By Brian Murphy
Jon Wilner of the San Jose Mercury News sent a string of tweets earlier today, indicating that Boise State was responsible for the Mountain West's decision not to expand to 12 teams earlier this year.
Click here to read Wilner's string of tweets, which are repeated below.
6:19 a.m.: To those who asked: I've heard nothing substantive about Utah St to MWC. Why would MWC do it? Comcast doesn't consider Logan the SLC market
6:23 a.m.: Remember: Utah State would have to bring enough $ to MWC trough to justify extra rev split. Not sure Logan (pop: 48k) does that
6:25 a.m.: If MWC expands again in a few years and Big 12 has not blown up, then Houston and San Jose State make more sense than USU
6:31 a.m.: And good chance MWC xpands eventualy. Sources said it left 5M on table by not adding 2 in Jan to create fball title game. Deal killed by BSU
6:33 a.m.: BSU didn't want double jeopardy to reach BCS (undefeated reg season and then have to win fball title game)
This is very interesting news — and since Wilner is very well respected college football writer on the West Coast, I have no reason to doubt it.
It does not surprise me that Boise State would not be interested in playing a championship game. Similar complaints have been made by Texas and Oklahoma, one reason the Big 12 is sticking with 10 teams and not adding two more schools to replace Nebraska and Colorado.
It also make sense, in some ways, for the conference. A 12-0 Boise State team is headed to the BCS, but a loss to an 8-4 San Diego State in the Mountain West title game costs the league a BCS spot.
Under the current distribution model, the Mountain West earns $8 million in additional revenue for placing a team in the BCS. A title game would be worth $5 million, according to Wilner.
Does a $5 million title game mean before expenses or after? Even if it's after, when you divide that by 12 teams that equals less than $416,000 per school.
The Mountain West's No. 1 priority has been earning automatic-qualifier BCS status. The league has a decent chance to earn an AQ waiver for the next two years after this season. Why dilute the league for $5 million and risk losing a chance for the big AQ money?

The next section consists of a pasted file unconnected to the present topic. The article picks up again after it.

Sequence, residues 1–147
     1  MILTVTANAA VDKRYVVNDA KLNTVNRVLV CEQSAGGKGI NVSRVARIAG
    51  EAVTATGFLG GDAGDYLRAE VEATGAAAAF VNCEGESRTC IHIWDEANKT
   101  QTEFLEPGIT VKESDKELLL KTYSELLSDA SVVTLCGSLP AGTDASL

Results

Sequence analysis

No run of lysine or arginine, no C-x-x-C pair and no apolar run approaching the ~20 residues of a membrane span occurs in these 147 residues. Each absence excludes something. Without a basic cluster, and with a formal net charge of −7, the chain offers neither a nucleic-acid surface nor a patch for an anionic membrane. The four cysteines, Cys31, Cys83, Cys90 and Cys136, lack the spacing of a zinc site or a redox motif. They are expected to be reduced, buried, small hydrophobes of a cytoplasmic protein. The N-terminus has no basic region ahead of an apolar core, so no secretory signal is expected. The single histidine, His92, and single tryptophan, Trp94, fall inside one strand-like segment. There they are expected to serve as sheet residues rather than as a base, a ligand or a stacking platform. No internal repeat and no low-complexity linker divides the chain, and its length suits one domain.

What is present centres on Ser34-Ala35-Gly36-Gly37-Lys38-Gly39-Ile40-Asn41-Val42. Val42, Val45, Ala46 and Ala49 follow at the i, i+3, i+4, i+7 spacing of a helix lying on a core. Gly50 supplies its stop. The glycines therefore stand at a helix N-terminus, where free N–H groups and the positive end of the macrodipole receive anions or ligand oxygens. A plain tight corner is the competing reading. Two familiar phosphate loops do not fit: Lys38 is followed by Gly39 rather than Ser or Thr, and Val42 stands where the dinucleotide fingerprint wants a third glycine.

It would be just as easy to add two teams after the waiver process is over — and the Mountain West knows if it is getting AQ status or not.
Here are some quotes from January when the league opted to remain at 10 teams:
Mountain West commissioner Craig Thompson said the league never got around to considering specific teams.
"There were reports that Utah State was on its way down," Boise State president Bob Kustra said. "It's like, 'Down for what?' We weren't even talking about that."
"For the foreseeable future, certainly, we are pleased and content to build the league around the 10 future members in July 2012, " Thompson said in an interview with the Idaho Statesman. "... I would suspect we're ready to move on to other items. The only thing that would probably change that was if there were additional membership changes in the Mountain West between now and then, which I don't anticipate at all."
Here is what Thompson said last week in Las Vegas about going to 12 teams: "My personal opinion is I think divisional play is very risky because then you're right back where you were with the (16-team) WAC."
And what he said last week in Vegas about the possible disintegration of the Big 12 and its impact on the Mountain West: "There's a reason we haven't talked expansion. ... I think we've been very selective. We could have changed our membership many times through the years."
In June 2010, the Mountain West delayed a decision on adding Boise State because of the upheaval in the Big 12. The league thought it might have a chance at adding Colorado. One day after Colorado went to the Pac-10, Boise State got an invite.
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